ANGELINA CO., Texas — At 10 am on Wednesday, March 23 at the Angelina County Fair, the breeding, and market rabbit show kicks off. That day, Grant Ashby, a 4-H and FFA member will compete again in the market rabbit show.
An estimated 180 rabbits from 60 families will take part in the 2022 market rabbit competition. The show sponsor is PID Services, Inc.
Grant is the 17 years old son of Nickie and Trent Ashby. He is a Junior at Lufkin High School and describes himself as “athletic, joyful, fun and a hard worker.” His hobbies include cross country and track, fishing, and spending time with my friends.
Grant states, “I joined 4-H because my big brother was in it, and I wanted to be able to participate in the county fair, just like him. Before I was able to show in ‘the Big Show,’ I participated in the pee wee show, where I got hands on experience showing goats and knew that as soon as I was able, I would join 4-H and be a fair exhibitor.
“My favorite part of the fair is twofold,” he continues, “on one hand, I love to show off my projects and all of the hard work that has gone into them. Secondly, I enjoy hanging out with my friends from across the county.”
A few weeks ago on Saturday, February 19th at the Hudson Ag Department, market rabbits were declared in the actual possession of the exhibitor as well as under their care and feeding. Rabbits were tattooed in the ear for identification, and thus “validated”. Each exhibitor could enter up to two pens with a limit of seven rabbits per pen, but each exhibitor still would be limited to one pen of their best three rabbits for the competition.
Additionally, market rabbits cannot be more than 75 days old at day of show and may not weigh more than 5 lbs. per rabbit. Rabbits will be weighed at time of check in by superintendent and given a 2-ounce variance.
If any rabbit in pen is unhealthy, entire pen will be eliminated from competition. Health and any other disqualifications are in accordance with the American Rabbit Breeders Association rules
He explains, “The hardest part of getting ready for the fair is making sure that your projects are show ready. For goats, that means clipping them, teaching them to brace and set up, and ensuring that they are in perfect health. For rabbits, it is working on training their fur every day and achieving weight uniformity for my pen of three.”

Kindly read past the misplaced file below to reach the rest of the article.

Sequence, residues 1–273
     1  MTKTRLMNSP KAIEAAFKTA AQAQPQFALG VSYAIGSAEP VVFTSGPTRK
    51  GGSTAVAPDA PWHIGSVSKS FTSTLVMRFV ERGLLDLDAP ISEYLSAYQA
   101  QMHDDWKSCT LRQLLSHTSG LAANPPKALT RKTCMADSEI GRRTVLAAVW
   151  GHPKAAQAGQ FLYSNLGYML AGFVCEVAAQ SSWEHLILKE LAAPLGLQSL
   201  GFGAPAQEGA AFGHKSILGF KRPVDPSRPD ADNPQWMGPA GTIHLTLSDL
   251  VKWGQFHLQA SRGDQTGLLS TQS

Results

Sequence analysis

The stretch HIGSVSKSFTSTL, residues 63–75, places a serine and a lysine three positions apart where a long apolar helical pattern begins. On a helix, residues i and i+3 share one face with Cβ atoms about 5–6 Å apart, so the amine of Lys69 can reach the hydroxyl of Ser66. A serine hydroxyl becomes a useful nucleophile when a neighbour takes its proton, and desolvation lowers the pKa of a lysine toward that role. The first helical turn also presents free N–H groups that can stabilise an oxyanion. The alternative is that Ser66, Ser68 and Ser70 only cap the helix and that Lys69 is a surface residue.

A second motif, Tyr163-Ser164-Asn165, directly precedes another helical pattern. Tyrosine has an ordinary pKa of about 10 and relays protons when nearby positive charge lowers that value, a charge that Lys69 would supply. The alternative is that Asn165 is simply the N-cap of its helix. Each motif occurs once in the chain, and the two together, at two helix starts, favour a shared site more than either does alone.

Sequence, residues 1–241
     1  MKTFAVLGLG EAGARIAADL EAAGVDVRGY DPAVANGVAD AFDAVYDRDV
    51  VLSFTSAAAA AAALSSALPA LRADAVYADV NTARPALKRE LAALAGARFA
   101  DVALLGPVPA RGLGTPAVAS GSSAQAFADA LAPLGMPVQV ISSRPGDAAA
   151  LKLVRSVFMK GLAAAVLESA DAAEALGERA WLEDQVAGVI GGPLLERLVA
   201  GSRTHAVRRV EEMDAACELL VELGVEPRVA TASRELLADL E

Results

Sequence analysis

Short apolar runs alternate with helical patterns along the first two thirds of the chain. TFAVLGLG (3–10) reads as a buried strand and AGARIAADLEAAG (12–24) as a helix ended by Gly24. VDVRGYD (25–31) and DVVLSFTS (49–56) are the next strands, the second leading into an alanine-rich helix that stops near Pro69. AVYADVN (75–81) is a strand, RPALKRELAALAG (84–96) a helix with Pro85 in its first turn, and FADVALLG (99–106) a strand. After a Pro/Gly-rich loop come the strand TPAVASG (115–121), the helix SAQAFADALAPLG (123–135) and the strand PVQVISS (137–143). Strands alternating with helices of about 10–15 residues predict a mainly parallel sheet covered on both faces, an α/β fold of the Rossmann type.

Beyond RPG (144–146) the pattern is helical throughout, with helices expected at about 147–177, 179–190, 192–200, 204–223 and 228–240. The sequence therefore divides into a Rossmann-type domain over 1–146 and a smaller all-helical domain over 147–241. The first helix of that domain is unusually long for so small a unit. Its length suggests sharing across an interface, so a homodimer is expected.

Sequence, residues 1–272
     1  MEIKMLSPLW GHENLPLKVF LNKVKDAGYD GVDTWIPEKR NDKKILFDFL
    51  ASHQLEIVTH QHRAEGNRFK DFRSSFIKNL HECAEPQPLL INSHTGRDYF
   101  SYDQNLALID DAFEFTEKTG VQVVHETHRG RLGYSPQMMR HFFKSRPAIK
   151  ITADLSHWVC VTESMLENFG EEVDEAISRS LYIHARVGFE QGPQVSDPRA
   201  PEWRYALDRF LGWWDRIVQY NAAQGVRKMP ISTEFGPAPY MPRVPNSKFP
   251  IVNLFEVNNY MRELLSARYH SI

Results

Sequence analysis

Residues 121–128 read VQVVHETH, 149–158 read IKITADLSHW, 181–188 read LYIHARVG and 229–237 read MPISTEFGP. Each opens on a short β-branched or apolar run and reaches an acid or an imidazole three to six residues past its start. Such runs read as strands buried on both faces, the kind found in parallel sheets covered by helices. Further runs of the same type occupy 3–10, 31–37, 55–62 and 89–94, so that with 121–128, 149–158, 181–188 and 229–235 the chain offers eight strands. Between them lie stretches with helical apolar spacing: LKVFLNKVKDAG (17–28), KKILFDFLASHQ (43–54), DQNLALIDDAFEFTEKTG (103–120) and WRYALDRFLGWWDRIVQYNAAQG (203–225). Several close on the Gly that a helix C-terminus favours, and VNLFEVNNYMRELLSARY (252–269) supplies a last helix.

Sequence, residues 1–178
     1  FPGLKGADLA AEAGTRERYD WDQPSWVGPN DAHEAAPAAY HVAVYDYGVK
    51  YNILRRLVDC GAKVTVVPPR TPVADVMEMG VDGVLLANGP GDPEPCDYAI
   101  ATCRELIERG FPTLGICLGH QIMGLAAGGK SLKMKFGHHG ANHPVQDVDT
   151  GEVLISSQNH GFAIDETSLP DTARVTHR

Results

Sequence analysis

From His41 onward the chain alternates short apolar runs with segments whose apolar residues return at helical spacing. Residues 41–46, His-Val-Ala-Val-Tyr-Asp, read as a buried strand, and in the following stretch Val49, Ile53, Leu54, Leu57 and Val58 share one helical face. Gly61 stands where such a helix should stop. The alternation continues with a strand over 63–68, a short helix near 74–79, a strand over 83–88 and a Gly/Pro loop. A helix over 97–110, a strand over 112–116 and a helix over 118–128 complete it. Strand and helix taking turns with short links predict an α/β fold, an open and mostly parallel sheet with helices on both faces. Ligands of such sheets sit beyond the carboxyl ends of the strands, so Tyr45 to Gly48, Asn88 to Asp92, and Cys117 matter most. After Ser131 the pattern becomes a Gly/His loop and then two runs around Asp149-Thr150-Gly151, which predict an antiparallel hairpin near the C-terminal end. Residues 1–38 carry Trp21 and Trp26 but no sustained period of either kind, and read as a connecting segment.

Rabbits require daily attention. They need lots of fresh clean water at all times. Exhibitors like Grant check daily for ear mites and work their hair. To best monitor growth, they weigh them every three to four days. Keeping records of weight gain and loss help him maintain uniform weights in her market pen of rabbits.
There are two divisions regarding rabbits: breeding and market. Breeding rabbits are judged on their physical characteristics that can pass positive traits onto their progeny. In the market rabbit division, a pen of three will be evaluated for their carcass traits. Lest we forget, rabbits are indeed meat producing livestock.
Grant’s goal this year? He says, “My biggest goal for this year’s fair is to make the sale with my projects. I have worked hard on getting them ready to show and I hope my hard work pays off.”
And what does he hope he and fellow exhibitors get out of the show? “Sportsmanship.” He clarifies, “As my mom always says, ‘be a humble winner and a gracious loser’. This is a hard lesson to learn, yet it is so important. I hope that all exhibitors, including myself, always demonstrate good sportsmanship.”
His mom, Nickie, states, “Grant started out participating in the county fair as an exhibitor in the Pee Wee Show. From there, he was hooked on getting more involved and becoming an active participant. Over the years, Grant’s involvement in the county fair has helped him become a thoughtful, responsible, and confident young man.” She explains some of the benefits, “The time he has spent working on his projects has taught him time management skills, responsibility, and the importance of a strong work ethic. And lastly, it’s been extremely rewarding to watch him become a much more comfortable public speaker.”
His dad, Trent, adds, “I wish more people understood just how easy it is to get involved in our county fair. For some, it’s traditional livestock projects such has steers, commercial heifers, hogs, lambs, or goats. But for many, it’s rabbits or chickens, arts and crafts, consumer goods such as cakes or cookies, or just volunteering their time helping with our Pee Wee or special needs shows. There’s something for everyone. And, the best part, is watching your child learn, grow, and develop lifelong friendships with other young people from across Angelina County.”
Nickie sums it up, “Our hope is that Grant has an amazing time reconnecting with his 4-H and FFA friends from across the county during the fair. While he may or may not remember 5 years from now how he placed, he will always have these friendships.”
Of the 60 exhibitors entered, only 30 will make the auction. The auction will be at 4 pm, Saturday, March 26. For a complete schedule of this year’s County Fair, go to www.angelinacountyfair.com.
Cary Sims is the County Extension Agent for agriculture and natural resources for Angelina County. His email address is email@example.com. To receive a monthly newsletter about local Extension educational events and other offerings, e-mail Angelina-TX@tamu.edu
The members of Texas A&M AgriLife will provide equal opportunities in programs and activities, education, and employment to all persons regardless of race, color, sex, religion, national origin, age, disability, genetic information, veteran status, sexual orientation or gender identity and will strive to achieve full and equal employment opportunity throughout Texas A&M AgriLife.
–Cary W. Sims, Extension Agent
Texas A&M AgriLife Extension Service Angelina County